For his children’s books, Godwin employed several pen names, one of which both clutters the tongue and arouses amusement: Theophilus Marcliffe. Godwin put Marcliffe’s name on The Looking Glass (1805), and The Life of Lady Jane Grey (1806). “Edward Baldwin” appeared on a number of other volumes, including The History of England (1806), The Pantheon (1806), and The History of Rome (1809).
He also used yet a third name—William Frederic Mylius (sometimes just W. F. Mylius)—which appeared on a few titles, some of which are not positively identified as Godwin’s work, including Mylius’s School Dictionary of the English Language (1809—a volume that would go through numerous editions) and The Poetical Class-Book; or, Reading Lessons for Every Day of the Year, selected from the Most Popular English Poets, Ancient and Modern (1810).
We know that his daughter Mary was among the first readers of many of these works—and that he was surely thinking of her—and of other children like her—when he conceived and composed them.
The last one he wrote as Edward Baldwin (or as anyone else other than William Godwin) was History of Greece, a book he began in 1809 but did not complete until 1821. I discovered just now in my files the folder I’d set aside for this book. I have a photocopy of the entire thing, a copy I’d made during one of my numerous Shelley-related trips down to the Cleveland Public Library, which has an 1822 edition of the book on microfilm. History of Greece, I see on the title page, cost five shillings at the time.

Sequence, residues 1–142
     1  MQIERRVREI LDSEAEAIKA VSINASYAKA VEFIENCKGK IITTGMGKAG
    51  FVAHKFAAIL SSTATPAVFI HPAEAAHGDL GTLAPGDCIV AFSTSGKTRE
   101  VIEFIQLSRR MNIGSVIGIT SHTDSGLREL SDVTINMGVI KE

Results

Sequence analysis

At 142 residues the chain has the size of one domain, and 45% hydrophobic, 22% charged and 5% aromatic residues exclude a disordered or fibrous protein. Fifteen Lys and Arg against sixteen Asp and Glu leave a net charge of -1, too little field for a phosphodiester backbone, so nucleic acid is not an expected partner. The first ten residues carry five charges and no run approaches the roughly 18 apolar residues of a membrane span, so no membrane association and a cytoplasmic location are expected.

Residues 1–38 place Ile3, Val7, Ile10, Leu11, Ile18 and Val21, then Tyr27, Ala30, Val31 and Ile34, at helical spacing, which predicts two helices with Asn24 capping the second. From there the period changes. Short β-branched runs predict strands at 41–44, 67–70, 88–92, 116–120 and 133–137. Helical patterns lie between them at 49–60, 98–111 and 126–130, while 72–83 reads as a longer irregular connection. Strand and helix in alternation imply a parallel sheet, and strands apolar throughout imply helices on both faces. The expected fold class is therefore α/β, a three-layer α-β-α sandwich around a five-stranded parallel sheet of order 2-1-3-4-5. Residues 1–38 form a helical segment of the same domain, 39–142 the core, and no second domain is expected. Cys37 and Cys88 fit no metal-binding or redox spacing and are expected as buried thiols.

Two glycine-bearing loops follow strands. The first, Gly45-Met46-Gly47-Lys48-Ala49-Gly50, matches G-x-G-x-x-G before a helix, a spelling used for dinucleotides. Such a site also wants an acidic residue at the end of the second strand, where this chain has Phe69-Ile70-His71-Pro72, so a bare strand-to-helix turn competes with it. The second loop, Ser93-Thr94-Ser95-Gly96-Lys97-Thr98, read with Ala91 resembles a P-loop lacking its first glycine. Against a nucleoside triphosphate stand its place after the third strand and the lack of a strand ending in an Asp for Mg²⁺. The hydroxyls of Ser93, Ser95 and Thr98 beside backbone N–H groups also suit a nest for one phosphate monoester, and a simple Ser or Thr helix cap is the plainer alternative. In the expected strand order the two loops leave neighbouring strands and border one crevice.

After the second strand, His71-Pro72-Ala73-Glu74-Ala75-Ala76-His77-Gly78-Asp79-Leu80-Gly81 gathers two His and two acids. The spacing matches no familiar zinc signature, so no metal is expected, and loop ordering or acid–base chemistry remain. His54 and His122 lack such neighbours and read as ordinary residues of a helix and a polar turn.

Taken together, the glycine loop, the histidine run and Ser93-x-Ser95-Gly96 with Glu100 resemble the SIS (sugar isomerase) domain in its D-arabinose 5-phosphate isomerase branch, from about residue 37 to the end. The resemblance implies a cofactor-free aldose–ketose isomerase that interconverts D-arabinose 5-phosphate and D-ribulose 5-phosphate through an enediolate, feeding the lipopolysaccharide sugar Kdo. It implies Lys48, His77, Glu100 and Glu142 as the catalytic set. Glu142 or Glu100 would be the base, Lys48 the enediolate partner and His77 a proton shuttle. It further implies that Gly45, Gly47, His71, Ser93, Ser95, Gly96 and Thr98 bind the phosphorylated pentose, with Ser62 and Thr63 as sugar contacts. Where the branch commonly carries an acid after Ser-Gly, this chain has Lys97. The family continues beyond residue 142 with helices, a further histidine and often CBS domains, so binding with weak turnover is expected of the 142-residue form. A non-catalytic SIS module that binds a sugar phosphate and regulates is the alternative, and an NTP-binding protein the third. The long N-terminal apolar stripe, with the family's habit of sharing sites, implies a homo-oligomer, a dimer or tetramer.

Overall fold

I think how research has become so much easier now. I just checked online and found several digital copies of the book. Were I working on this project now, I would not have to leave my house, drive to the Shaker Rapid on Green Road, ride down to Tower City, walk to the Cleveland Public Library, request the microfilm, load it on a reader, drop a dime into the machine for each page I wanted to print, walk back to Tower City, ride the Rapid to Green Road, drive home. No, nowadays I could just print it right where I sit—maybe catch up on Facebook while the printer is churning out the pages—that is, if I even wanted a physical copy of the book. No need, really. In fact I just this moment downloaded and saved on my desktop a .pdf of the entire book. Took under thirty seconds.
Anyway, in his preface (writing in the voice of Baldwin), Godwin says he now takes his final leave of the class of young persons, for whose amusement and instruction his publications were intended. He ends with a touching sentence: He well knows the motives, warm and inextinguishable as they are in his heart, from which these works have derived their being …. He’d written those books for money, of course—but also for his own children—and, in some ways, especially for Mary. His preface is dated November, 1821.
But by that time his beloved daughter Mary, now in her mid-twenties, had left his home and had shattered his heart.